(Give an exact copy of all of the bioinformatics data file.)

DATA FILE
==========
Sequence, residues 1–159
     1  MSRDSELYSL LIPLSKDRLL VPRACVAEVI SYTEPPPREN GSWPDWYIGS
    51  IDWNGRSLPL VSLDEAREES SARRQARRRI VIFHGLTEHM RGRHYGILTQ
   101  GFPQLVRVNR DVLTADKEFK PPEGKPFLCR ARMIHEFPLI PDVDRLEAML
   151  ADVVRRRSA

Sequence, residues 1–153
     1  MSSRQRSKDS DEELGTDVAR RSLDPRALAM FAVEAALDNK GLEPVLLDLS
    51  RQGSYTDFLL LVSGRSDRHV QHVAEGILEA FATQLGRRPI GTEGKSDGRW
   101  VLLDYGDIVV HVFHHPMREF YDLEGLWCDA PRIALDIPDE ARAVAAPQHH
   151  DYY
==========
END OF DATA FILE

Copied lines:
Sequence, residues 1–159
     1  MSRDSELYSL LIPLSKDRLL VPRACVAEVI SYTEPPPREN GSWPDWYIGS
    51  IDWNGRSLPL VSLDEAREES SARRQARRRI VIFHGLTEHM RGRHYGILTQ
   101  GFPQLVRVNR DVLTADKEFK PPEGKPFLCR ARMIHEFPLI PDVDRLEAML
   151  ADVVRRRSA

Sequence, residues 1–153
     1  MSSRQRSKDS DEELGTDVAR RSLDPRALAM FAVEAALDNK GLEPVLLDLS
    51  RQGSYTDFLL LVSGRSDRHV QHVAEGILEA FATQLGRRPI GTEGKSDGRW
   101  VLLDYGDIVV HVFHHPMREF YDLEGLWCDA PRIALDIPDE ARAVAAPQHH
   151  DYY